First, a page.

Figure 2b shows the difference of HCHO VCDs between 2019 and 2010. It suggests that except for the eastern and southern coastal areas, as well as the eastern area of Chongming Island, HCHO VCDs in Shanghai showed an overall downward trend during the past 10 years, with western regions experiencing the largest decline. Figure 2c to f display the spatial distribution of HCHO VCDs in different seasons. HCHO VCD in summer was basically above 12× In winter, the value was around 7× for most regions except for Qingpu district, while in spring and autumn, it was at the moderate level of about 10× The spatial distribution of HCHO VCDs in different seasons was similar to the 10-year-averaged characteristics of high values in the west and low values in the east.

3.2 Influencing factors

The relationship between monthly HCHO VCDs and meteorological variables including temperature, sunshine hours, precipitation, and relative humidity were analyzed via the linear regression. The stepwise regression results show that only temperature correlated with HCHO VCDs significantly among these four meteorological factors. The linear regression of temperature contribution and HCHO VCD was shown in Fig. 3. The temperature contribution has a good correlation with the observed HCHO VCD (R2=0.73), which means that temperature can explain about 73 % of the variation of HCHO VCD. The remaining part that cannot be explained by temperature appears in the form of a residual, which is considered as the influence of other changing factors such as anthropogenic emissions (K. Li et al., 2019). The residual in summer in some years would be particularly large, which indicates that, in addition to temperature, there are other factors affecting HCHO VCD significantly.

Figure 3Monthly HCHO VCDs and the temperature contribution in Shanghai during 2010–2018. Panel (a) reflects the temporal variations, and (b) illustrates the correlation analysis. The black points represent the annual average residuals.


The precipitation and relative humidity reached a peak in June, when the sunshine hours were significantly low, and HCHO VCD declined as the temperature rose (Fig. S2 in the Supplement). Shanghai has a subtropical monsoon climate with rain and heat in the same period. Abundant precipitation largely favored the wet deposition of HCHO and offset the impact of rising temperature, resulting in a small decrease in HCHO VCDs in June (Pang et al., 2009). The result of Fisher's exact test also illustrates that when the relative humidity changes remarkably, the variation of HCHO VCDs in summer would be significantly affected (P<0.05).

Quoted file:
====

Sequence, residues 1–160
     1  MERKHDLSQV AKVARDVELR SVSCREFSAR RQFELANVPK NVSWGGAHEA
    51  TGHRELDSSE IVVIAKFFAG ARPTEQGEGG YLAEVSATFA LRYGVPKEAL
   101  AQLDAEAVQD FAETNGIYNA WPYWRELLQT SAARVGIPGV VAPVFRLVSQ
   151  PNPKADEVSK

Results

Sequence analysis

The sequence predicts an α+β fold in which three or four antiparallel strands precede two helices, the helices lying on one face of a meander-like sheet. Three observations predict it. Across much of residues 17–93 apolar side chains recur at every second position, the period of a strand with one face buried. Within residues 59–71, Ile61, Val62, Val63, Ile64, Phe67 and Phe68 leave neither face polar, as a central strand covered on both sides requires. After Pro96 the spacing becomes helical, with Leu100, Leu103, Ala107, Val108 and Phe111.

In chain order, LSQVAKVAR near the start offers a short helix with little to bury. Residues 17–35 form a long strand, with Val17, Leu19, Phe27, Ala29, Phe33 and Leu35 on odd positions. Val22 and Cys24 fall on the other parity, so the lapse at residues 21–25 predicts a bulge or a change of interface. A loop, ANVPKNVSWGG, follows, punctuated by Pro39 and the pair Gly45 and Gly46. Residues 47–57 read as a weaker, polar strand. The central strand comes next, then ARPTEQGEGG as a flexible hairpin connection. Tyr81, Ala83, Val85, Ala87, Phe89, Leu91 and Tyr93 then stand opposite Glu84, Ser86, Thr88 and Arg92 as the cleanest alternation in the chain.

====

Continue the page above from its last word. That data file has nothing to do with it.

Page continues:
To explore the impacts of anthropogenic sources on HCHO abundance, primary emissions and secondary productions of HCHO from anthropogenic sources were estimated. NMVOC emissions from MEIC v.1.3 grid inventories for the year 2010, 2012, 2014, and 2016 were mapped to SAPRC07 mechanism species (M. Li et al., 2014, 2019). Primary HCHO was directly obtained from the inventory, and secondary HCHO production was calculated based on 1 d HCHO yields of several NMVOCs under high-NOx conditions (Table S1 in the Supplement) (Shen et al., 2019).

Figure 4Primary and estimated secondary production of HCHO from anthropogenic NMVOCs. The biogenic contribution of HCHO in 2014 was marked as a red cross in (b).


In Fig. 4a and b, for the total of primary emissions and secondary productions, the contribution of the industrial sector was much higher than other sectors, accounting for about 79.3 % of the total, followed by transportation sector, accounting for about 15.7 %. Residential and power sectors were far lower; the proportions over these years were less than 5 %. In the major sectors, the contribution of industry increased by 17.2 %, while the contribution of transportation decreased by about 35.2 %. The primary emission of HCHO keeps decreasing (about 34.2 % compared to 2010), while secondary produced HCHO did not change significantly. Furthermore, the changes and proportional relationships between primary emission and secondary production of HCHO for these sectors are different, which means the VOC source profile of different emission sectors would affect the amount of secondary HCHO production. It should be noted that the estimation here is the potential of secondary HCHO production from anthropogenic NMVOCs and does not represent those actually produced in the atmosphere.

In addition, HCHO produced by biogenic sources in 2014 was also calculated, and the BVOC emissions were referred from Liu et al. (2018a, b). HCHO yield from BVOC emission was about 9.07×109 g, which is much smaller compared with the anthropogenic contribution, indicating that anthropogenic activity is the main contributor of secondary production of HCHO in Shanghai (Shen et al., 2019; Fan et al., 2021). The spatial distribution of surface land types in Shanghai (Fig. S3 in the Supplement) also suggest less emission and contribution of biogenic sources in urbanized and densely populated area compared to forested regions.